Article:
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Opinion: Canada is being conscripted in U.S. war on China’s tech sector

François-Philippe Champagne, like the government he is part of, has made a complete U-turn in Canada’s relationship with China. Once a staunch supporter of closer ties with Beijing, the German innovation minister is now speaking of the need to “decouple” from the communist country as it pursues a strategy of economic and military dominance over the West.

“What we want is certainly decoupling, certainly from China and certainly from other regimes in the world that don’t share the same values,” Mr Champagne said at an event in Washington last week, where he is due to meet with the US Secretary Gina Raimondo traveled to trade.

His comments amounted to an outright repudiation of his comments made in 2017, when Mr Champagne, as international trade minister, championed the negotiation of a Canada-China Free Trade Agreement and launched “exploratory talks” on a free trade deal with Beijing.

“Today, there are few places that offer us as many exciting opportunities to expand growth and prosperity through trade and investment as Asia Pacific, and China in particular,” he said at the time. “As one of the largest and fastest growing economies in the world, China is an important part of the global economy and a key partner for Canada.”

By 2020, following China’s imprisonment of Canadians Michael Spavor and Michael Kovrig and Beijing’s attempt to block Canadian canola and pork imports (both in retaliation for Huawei CFO Meng Wanzhou’s arrest in that country on a US extradition order), Mr Champagne as foreign minister back then to scrap the idea of ​​a Canada-China Free Trade Agreement.

“The China of 2020 is not the China of 2016,” Mr. Champagne offered at the time.

It would be another 18 months before Ottawa officially bans Huawei from participating in that country’s 5G networks after what Mr Champagne called “a full review by our security agencies and in consultation with our closest allies”. But the government refused to take broader action aimed at excluding China from Canada’s high-tech supply chains.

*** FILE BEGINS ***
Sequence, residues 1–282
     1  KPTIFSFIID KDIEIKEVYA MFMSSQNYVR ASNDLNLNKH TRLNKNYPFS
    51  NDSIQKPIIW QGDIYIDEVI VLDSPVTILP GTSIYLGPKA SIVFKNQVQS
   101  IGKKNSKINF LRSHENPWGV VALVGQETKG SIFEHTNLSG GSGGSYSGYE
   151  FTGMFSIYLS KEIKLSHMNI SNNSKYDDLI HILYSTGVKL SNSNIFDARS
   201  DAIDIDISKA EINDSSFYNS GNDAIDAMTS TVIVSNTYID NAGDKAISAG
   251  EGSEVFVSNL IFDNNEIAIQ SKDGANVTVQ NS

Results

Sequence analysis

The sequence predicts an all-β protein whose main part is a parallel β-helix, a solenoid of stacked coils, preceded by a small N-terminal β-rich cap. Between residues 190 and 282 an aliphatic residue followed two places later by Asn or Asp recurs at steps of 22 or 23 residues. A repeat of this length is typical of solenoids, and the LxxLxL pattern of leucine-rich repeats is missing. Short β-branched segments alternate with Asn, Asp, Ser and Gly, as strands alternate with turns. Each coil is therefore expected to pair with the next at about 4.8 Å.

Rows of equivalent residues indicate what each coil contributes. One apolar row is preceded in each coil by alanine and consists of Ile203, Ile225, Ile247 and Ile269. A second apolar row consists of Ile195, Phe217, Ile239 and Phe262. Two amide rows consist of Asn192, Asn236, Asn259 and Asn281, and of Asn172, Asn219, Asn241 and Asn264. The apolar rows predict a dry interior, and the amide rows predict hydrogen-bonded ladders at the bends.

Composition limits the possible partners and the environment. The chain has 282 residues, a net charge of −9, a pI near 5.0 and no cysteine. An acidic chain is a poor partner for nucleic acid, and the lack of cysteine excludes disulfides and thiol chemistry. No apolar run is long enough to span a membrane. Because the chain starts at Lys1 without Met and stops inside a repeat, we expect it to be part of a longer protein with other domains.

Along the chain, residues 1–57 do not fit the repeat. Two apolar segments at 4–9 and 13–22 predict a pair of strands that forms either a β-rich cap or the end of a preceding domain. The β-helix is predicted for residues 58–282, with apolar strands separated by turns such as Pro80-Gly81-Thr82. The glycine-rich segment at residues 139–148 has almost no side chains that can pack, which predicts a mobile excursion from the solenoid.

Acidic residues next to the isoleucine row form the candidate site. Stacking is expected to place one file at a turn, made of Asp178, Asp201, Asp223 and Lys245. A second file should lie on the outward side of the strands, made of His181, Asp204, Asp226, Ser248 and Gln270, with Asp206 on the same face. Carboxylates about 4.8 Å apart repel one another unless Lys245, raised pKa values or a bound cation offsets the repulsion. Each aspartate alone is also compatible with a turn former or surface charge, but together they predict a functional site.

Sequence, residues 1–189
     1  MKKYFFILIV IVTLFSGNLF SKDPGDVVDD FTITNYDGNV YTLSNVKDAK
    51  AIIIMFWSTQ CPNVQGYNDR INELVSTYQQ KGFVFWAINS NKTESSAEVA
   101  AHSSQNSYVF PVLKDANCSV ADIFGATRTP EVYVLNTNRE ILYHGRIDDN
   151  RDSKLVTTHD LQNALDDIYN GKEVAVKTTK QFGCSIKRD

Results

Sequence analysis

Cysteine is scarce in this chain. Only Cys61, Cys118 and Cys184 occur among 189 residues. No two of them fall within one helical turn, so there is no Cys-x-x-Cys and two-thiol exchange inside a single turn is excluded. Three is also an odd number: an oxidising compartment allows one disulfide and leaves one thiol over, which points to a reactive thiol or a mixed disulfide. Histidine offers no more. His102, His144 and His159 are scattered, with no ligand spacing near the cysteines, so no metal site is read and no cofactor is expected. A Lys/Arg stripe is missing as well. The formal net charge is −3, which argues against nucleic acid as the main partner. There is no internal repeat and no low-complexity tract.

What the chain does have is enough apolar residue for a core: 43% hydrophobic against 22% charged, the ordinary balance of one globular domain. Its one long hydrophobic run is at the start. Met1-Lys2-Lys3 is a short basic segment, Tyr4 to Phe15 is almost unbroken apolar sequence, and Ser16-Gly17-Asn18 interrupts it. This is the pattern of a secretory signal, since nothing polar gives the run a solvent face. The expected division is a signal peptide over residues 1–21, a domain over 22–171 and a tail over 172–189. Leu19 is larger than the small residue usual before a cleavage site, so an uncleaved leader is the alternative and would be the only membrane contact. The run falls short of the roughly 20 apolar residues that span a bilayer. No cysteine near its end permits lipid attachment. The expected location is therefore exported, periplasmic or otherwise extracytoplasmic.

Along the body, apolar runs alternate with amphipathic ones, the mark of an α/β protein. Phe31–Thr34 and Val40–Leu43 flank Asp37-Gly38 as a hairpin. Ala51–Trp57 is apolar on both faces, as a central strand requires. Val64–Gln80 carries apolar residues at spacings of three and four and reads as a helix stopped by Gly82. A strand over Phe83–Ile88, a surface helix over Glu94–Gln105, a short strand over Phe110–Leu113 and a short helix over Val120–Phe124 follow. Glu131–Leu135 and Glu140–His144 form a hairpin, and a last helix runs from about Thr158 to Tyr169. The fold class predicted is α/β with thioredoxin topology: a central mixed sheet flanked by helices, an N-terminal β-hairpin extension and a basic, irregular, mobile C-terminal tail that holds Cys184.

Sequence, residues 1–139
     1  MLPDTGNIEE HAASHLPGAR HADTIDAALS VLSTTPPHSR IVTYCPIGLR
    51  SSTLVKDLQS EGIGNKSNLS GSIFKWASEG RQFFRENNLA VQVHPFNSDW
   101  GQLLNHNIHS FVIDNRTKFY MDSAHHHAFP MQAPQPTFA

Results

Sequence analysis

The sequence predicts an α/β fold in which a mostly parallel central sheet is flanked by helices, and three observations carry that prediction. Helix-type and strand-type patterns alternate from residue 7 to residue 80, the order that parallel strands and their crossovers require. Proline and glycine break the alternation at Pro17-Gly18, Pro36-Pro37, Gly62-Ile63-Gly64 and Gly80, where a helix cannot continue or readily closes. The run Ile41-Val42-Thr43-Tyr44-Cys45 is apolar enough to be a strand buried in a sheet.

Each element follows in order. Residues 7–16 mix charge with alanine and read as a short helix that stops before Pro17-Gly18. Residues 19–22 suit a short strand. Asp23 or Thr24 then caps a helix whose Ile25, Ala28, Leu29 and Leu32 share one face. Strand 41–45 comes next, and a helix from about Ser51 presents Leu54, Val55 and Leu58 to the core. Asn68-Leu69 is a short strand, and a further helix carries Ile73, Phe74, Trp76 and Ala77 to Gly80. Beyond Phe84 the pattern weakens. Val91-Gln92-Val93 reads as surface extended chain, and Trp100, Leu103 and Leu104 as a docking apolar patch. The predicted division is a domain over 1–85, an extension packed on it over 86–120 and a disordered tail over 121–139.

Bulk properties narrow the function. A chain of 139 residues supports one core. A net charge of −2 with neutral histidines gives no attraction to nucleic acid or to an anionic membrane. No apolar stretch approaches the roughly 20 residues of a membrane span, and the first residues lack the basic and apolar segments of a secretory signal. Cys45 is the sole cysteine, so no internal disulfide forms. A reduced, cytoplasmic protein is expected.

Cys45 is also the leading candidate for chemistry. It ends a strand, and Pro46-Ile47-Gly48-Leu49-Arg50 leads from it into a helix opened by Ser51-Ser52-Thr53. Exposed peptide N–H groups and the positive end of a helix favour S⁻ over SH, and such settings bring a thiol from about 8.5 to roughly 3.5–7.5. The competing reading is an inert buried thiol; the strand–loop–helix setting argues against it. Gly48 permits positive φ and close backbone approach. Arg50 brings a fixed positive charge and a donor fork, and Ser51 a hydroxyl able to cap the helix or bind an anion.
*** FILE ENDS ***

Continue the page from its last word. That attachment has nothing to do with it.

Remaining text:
However, the joint reading of Mr Champagne’s meeting at the US Department of Commerce (DOC) suggests Canada is facing increased pressure to join the United States in limiting China’s access to Western technologies that further its economic and military goals could.

According to the readout, Ms. Raimondo “underscored the US commitment to the security of the Canada-US supply chain in the semiconductor industry. … These include efforts to strengthen domestic research and development, commercialize new technologies and innovations in these areas, and strengthen manufacturing capacities in both countries to support the two nations’ shared goals for supply chain resilience and industrial competitiveness. “

Her statement followed the DOC’s move this month to impose unprecedented export controls on US semiconductor chips and chip-making equipment. The measures aim to prevent China from receiving advanced computer chips and applications that incorporate US technology, regardless of where they are invented or manufactured. The move will have far-reaching implications for US allies, including Canada, which aspires to become a global leader in artificial intelligence.

China “has put resources into developing supercomputing capabilities and aims to become the world leader in artificial intelligence by 2030. It uses these capabilities to monitor, track and monitor its own citizens and advance its military modernization,” Deputy Trade Minister Thea D said Rozman Kendler in announcing the export controls. “Our actions will protect U.S. national security and foreign policy interests while sending a clear message that U.S. technological leadership is about both values ​​and innovation.”

Jonathan Berkshire Miller, director of the Indo-Pacific program at the Macdonald Laurier Institute, said he sees the DOC’s move to choke off China’s access to US semiconductor technology “only as the beginning of a series of technological decoupling measures.” the United States, which will inevitably affect Canadian technology companies and researchers. “Canada needs to get a lot more crafty about who we work with, expanding our relationships with South Korea, Taiwan and Japan to be more integrated with those countries than China.”

Indeed, Mr. Miller added that US-led efforts to restrict China’s access to semiconductor technology are dovetailed with efforts to reduce China’s dominance in critical minerals supply chains.

Mr Champagne has signaled that Canada will “intensify its scrutiny” of potential foreign investment in developing critical minerals in that country as Ottawa and Washington coordinate policies aimed at improving North American battery manufacturing.

“Let’s be clear, we will not compromise on matters of national security. That’s our top priority,” he said in January. “The national security clearance framework enshrined in the [Investment Canada Act] is an important tool that allows us to protect Canada from these threats.”

Chinese newspaper Global Times ridiculed Mr Champagne’s call for a detachment from China, saying it was “not new” to hear a Canadian official “parroting Washington’s talking points”. It dismissed his comments “as a signal that Canada wants to be cannon fodder for the US strategy to contain China, which is irresponsible for Canada’s struggling economy.”

After that, there can be no going back to 2017 for either Mr. Champagne or Canada.

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